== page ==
They are cute, cuddly and are restricted to certain mountain ranges in southwestern China, eating bamboo alone. The giant panda of today has evolved to have distinctive teeth, skull and muscle characteristics, along with a special pseudo-thumb to support their tough and fibrous bamboo diet.
However, according to new evidence reported Thursday in Current Biology, extinct and ancient panda species most likely had a more varied and complex diet.
Speaking about it, Fuwen Wei of Chinese Academy of Sciences said, "It has been widely accepted that giant pandas have exclusively fed on bamboo for the last two million years," adding, "Our results showed the opposite."
While it may be impossible to know exactly what extinct animals ate, researchers can get clues by analysing the composition of stable isotopes in animal teeth, hair, and bones, including fossilised remains.
In the new study, the researchers first analysed bone collagen of modern pandas (1970s-2000s) and other mammals from the same mountains.
The data comparison showed that ancient and modern pandas are isotopically distinct from one another, suggesting differences in their dietary habits.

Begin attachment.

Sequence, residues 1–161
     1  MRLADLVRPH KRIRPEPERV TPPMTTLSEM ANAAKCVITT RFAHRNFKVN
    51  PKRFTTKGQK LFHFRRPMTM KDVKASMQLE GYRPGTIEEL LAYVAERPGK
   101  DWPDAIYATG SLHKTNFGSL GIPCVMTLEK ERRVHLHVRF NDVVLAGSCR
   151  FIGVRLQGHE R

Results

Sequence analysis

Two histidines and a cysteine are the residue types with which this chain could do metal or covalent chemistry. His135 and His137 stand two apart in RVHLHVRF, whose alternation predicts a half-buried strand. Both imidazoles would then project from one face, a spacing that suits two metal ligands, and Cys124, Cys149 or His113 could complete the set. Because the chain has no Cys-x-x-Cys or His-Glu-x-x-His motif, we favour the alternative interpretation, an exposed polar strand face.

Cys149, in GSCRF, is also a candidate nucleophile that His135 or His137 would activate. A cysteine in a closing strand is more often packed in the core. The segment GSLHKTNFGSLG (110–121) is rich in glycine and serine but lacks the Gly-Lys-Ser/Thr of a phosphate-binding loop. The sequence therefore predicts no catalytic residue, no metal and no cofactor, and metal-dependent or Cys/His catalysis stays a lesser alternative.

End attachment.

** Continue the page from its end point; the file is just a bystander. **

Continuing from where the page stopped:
There was also more variation among ancient panda species, suggesting that the niche they occupied was about three times wider than that of modern pandas.
Ancient pandas most likely had a varied diet, similar to that of other mammalian species that lived alongside them. They were, the researchers write, "probably not exclusive bamboo feeders."
According to the researchers, pandas' dietary habits have evolved in two phases. First, the pandas went from being meat eaters or omnivores to becoming dedicated plant eaters. Only later did they specialize on bamboo.
The researchers would now like to figure out when exactly pandas shifted to the specialised diet and to find that out, they plan to collect and study more panda samples from different historical times over the last 5,000 years.
(This story has not been edited by Business Standard staff and is auto-generated from a syndicated feed.)